The river is where your Poker hand, both literally and figuratively, all goes down. Good luck! We hope you win.
From a pure theory point of view, the river card is very different from all the others in that your hand is determined. The card distribution is over and now it’s just a matter of figuring out who has the best hand.
Well, almost. There is this little final betting detail left.
Fifth street is probably most akin to pre-flop action, in that it’s the place where occasionally you’ll see the bets really stack up. The variations mean that the river can take on a few different betting personalities, ranging from a nice quiet beer float trip to a life-threatening white-knuckle shoot through Class IV rapids.
All-checking, no dancing
Usually rivers are checked all the way around for one of three reasons:
The board is threatening (for example, five hearts or a full house is showing).
Extreme betting early on has caused people to back off (especially if the draws people were shooting for didn’t come through).
Players’ hole cards just missed the community cards entirely. (This is especially common when it’s only the blinds that were left in the hand.)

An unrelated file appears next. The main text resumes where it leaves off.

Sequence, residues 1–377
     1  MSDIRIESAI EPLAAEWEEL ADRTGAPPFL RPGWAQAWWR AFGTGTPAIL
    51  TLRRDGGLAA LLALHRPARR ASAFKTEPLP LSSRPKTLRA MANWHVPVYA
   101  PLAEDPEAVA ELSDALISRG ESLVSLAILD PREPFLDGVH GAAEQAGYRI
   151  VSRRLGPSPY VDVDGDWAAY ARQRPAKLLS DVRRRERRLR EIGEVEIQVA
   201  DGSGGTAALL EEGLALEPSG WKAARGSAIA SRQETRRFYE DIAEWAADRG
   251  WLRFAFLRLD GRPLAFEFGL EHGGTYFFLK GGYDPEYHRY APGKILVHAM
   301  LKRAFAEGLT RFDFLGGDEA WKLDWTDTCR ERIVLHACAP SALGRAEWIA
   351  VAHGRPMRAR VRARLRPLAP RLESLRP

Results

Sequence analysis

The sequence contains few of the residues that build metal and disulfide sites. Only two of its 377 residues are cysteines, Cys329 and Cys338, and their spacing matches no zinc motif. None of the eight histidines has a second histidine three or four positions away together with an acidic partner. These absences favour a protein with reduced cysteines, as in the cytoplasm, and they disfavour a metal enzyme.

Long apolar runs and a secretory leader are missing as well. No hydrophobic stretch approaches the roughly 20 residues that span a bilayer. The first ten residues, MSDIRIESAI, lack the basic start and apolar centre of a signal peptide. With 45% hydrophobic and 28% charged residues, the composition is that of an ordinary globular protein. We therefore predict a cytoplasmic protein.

If you’re in a later betting position and everyone is checking, this can be a very good time to pick up a pot. In fact, your ability to pick up the stray pot in these situations may very well make the difference between being a winning and losing player. If you consider the action you’ve seen in the hand up until now and take into account the types of opponents that are still in the hand, you can then decide whether to check or bet in the following circumstances:
If there was heavy action and raising surrounding a flop with two of the same suit (say, J♣ 8♣ 3♥), but things have since cooled off, you may well be looking at a broken flush. Fire a bet out if you have a pair that matches the middle rank of the community cards or higher.
If the only people in the hand are the blinds, make a bet if you have any pair.
If someone has been betting heavily up to this point but suddenly backs away from betting on the river, they probably will not check-raise you (this is much more of an expert play), and instead have been bluffing by over-betting. Make a bet if you have middle pair or better; or you believe there is a better than 50/50 chance your opponent will fold.
If all else fails, or if you get flustered, or if you’re just filled with doubt, check. It doesn’t cost you anything.
Walking through the firestorm
Sometimes the river is the place where people sort of go insane and just start hurling bets at each other. You only want to get mixed up in this madness if you either have the nut (maybe second nut) hand, or the player you’re up against is known to be looser than a broken jar of pennies in the bed of a pickup truck on a gravel road.